A Crowning Achievement Part 2

4 Minute Read

By Bradney W. SimonMore from this author

In the last issue we looked at making a basic basket crown. In this article we will fabricate a more advanced crown. One of the most versatile crowns to make is a half-basket crown. This crown can be used for diamonds or colored stones and generally soldered into a piece of jewelry where stones or additional metal surrounds and supports it, as in this filigree pendant.

image_1 A Crowning Achievement - Half-basket Crown

In this project we will be making a half-basket crown for a diamond shaped citrine.Because of the shape of the stone we cannot buy a crown
 from a findings house so we must hand make
 a crown to fit. For this crown we will use 1mm by 2mm rectangular gold stock. This is a good size to use for stones up to 15mm in length. On larger stones I prefer to use 1mm by 3mm gold stock.


The first part to make is the under-bezel. To begin, measure the length of each of the four sides of the stone. This stone measures 7.5 mm on all four sides. When the stone is set you do not want to see the under-bezel under the stone, so we will make each of the sides 7mm. Cut the gold stock to 28mm and mark 7mm increments along one side. We need to bend the stock at each of these marks for the corners of the stone. To make a sharp bend we need to notch the gold using a saw.


Use a hand file to file the ends to the correct angle to match the stone. Then, carefully saw into the gold stock on the three marks
making certain that
 you DO NOT cut all
 the way through. The
 further you saw the saw
sharper the corner will 
be. However, if you cut 
all the way through, it will be difficult to align the small parts correctly to solder. Once you have completed the saw cut, bend the gold stock to close the saw kerf, and then saw through again opening up the kerf.


Continue sawing and bending until you reach the correct angle to match the stone. Repeat the process on each of the marks, and then solder the seams closed with medium solder to strengthen the bends. Since these seams are not cut all the way through they can not move during later soldering, so medium solder is fine to use here.

Use a #6 cut needle file to clean up the solder joints, and then lay the stone on the under-bezel to make certain the angles are all correct and the stone is slightly larger than the under-bezel. If necessary make any corrections to the under-bezel before going any further.


Next cut 4 prongs 
from the 1mm by 2mm 
gold stock. The prong 
length needs to be at
least as long as the stone is deep. Solder the prongs to the sides 
of the under-bezel with
 the prong even with the 
bottom of the under-bezel. Make certain the prongs are perpendicular to the under-bezel. Then file the bottom of the prongs flush with the bottom of the under-bezel.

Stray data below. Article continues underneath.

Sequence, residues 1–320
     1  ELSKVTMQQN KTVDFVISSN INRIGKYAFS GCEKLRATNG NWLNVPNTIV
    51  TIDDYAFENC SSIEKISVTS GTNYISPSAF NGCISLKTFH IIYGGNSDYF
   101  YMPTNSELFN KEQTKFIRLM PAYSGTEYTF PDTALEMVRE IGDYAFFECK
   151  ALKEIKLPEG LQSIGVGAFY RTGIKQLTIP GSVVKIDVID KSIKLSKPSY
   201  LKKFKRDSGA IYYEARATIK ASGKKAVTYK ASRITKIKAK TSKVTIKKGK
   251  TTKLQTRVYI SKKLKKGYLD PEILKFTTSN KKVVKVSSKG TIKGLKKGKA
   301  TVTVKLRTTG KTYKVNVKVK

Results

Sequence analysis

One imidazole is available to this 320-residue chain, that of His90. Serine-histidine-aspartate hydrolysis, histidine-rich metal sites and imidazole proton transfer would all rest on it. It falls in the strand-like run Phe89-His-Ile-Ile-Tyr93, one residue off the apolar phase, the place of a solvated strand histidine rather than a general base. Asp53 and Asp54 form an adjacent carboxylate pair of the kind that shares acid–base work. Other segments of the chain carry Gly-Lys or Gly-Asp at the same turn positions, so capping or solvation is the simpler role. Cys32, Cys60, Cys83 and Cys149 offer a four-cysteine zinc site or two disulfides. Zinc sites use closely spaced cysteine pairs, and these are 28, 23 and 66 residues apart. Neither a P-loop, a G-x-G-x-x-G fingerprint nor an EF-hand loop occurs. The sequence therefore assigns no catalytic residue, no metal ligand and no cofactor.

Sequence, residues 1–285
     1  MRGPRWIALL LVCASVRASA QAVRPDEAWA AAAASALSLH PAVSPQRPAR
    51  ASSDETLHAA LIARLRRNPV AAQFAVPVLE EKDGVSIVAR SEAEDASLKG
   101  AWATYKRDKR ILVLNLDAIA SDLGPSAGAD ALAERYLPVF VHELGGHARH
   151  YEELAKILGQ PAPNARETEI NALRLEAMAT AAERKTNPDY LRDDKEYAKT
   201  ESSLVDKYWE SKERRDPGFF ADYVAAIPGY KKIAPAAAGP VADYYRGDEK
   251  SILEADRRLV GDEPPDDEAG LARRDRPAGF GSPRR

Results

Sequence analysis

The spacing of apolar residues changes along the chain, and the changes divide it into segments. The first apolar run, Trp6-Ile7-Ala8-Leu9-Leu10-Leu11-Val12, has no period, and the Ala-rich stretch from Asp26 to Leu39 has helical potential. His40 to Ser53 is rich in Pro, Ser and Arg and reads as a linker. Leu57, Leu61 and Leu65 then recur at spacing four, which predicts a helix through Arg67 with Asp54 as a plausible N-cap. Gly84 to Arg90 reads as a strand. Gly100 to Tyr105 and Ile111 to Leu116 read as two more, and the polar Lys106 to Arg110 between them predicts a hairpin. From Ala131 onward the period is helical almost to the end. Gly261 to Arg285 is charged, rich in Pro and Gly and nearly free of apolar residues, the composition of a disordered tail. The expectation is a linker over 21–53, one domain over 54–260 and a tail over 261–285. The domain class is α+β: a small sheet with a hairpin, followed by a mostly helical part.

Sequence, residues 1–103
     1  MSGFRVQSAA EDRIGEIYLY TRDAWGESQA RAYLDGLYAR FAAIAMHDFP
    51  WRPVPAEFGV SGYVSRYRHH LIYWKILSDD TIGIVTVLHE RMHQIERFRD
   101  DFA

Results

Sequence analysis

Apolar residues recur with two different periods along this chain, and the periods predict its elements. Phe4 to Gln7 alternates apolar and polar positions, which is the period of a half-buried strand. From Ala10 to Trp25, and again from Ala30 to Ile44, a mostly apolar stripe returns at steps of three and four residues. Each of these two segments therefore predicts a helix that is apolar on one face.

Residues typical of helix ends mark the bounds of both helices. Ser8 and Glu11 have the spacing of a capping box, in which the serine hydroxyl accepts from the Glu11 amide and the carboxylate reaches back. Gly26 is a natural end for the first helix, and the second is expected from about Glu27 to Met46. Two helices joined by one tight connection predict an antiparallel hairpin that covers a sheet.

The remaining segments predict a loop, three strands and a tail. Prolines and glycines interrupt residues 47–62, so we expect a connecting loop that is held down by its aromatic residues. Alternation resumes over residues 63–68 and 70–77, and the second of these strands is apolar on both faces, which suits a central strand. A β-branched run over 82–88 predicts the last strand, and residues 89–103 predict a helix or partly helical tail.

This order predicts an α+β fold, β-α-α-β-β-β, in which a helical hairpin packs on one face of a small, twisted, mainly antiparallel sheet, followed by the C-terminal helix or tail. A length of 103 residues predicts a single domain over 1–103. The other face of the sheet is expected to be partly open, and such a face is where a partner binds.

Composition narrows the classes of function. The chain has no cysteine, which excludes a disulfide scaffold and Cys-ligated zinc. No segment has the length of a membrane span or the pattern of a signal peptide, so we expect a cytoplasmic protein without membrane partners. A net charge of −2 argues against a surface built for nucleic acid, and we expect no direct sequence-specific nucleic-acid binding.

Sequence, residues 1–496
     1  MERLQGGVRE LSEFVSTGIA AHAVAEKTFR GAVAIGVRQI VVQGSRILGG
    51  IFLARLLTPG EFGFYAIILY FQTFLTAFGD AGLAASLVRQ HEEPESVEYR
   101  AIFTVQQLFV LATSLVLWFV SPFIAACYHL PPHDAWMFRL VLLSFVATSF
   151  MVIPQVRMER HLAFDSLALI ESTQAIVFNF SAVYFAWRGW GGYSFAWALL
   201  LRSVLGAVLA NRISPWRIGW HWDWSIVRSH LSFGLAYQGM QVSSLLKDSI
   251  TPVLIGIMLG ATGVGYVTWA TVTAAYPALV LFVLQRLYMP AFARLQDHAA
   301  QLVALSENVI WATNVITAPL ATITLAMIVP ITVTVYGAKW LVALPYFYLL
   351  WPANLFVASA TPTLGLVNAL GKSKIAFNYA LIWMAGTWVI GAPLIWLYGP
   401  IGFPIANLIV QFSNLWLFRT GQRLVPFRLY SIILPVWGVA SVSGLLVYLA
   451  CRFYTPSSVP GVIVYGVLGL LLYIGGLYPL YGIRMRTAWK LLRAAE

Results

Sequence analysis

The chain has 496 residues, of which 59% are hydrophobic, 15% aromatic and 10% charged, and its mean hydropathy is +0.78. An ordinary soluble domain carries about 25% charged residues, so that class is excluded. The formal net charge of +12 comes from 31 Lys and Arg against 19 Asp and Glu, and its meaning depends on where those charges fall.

Next, grasp the top of the prong with your pliers and bend outward. Bend the prong to about a 15-degree angle. This will result is an angled prong with a bend at the under-bezel. Use your hand file to file the bottom of the prong until the prong forms a straight line.

You could accomplish this by filing this angle on the prong before soldering. Then solder the filed angle against the under-bezel to create the properly angled prong. However, I find it easier and more accurate to solder the prong on straight first, and then bend it to reach the proper angle and file away the excess.

The final step is to shape the prongs. Because we used a flat rectangular wire for the prongs we have a number of options to finishing the prongs depending on the final look we want for the finished piece of jewelry. The prongs can be left flat and polished to create a heavy looking prong, or hand engraved or small diamonds set into them.


For this pendent we
 are going to cut and 
round them off to create a look of two round 
wires. To do this, begin by sawing down the 
length of the prong until you reach half way through the prong. Then using a triangular needle file, file down the length of the cut and on the outside ofthe prongs rounding the gold off. The prong can be left straight or you can cut through the top of the prongs and spread out the two wires. This method of creating a two-wire prong is easier than trying to solder two wires together. In addition, the inside of the prong is flat rather than scalloped which makes cutting the seat for the stone easier.

Ifyou used #6 cut needle files you can go straight to polishing. If coarser files were used, emery the file marks out with emery paper or rubber wheels. Polish the crown, and you are ready to add your new crown to your piece of jewelry.

Now that's truly a Crowning Achievement!

By Bradney W, Simon – © Bench Magazine
In association with
BENCH Magazine is devoted to the Bench Jeweler in retail jewelry stores and small trade shops.
All rights reserved internationally. Copyright © Bradney W. Simon. Users have permission to download the information and share it as long as no money is made-no commercial use of this information is allowed without permission in writing from Bradney W. Simon.
Bradney W. Simon is a JA Certified Master Bench Jeweler, and has over 26 years experience on the bench. He writes and publishes E-BENCH, and BENCH Magazine. He conducts seminars and workshops through Simon Sez Seminars on shop management issues and bench techniques and has published two books on jewelry shop management. You can reach him at Brad@BWSimon.com or visit him on the web at www.BWSimon.com .
B W Simon provide retail jewelers with educational seminars; producing an e-mail newsletter; publishing books, tapes, and computer software; and writes articles for Trade Publications.

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Bradney W. Simon

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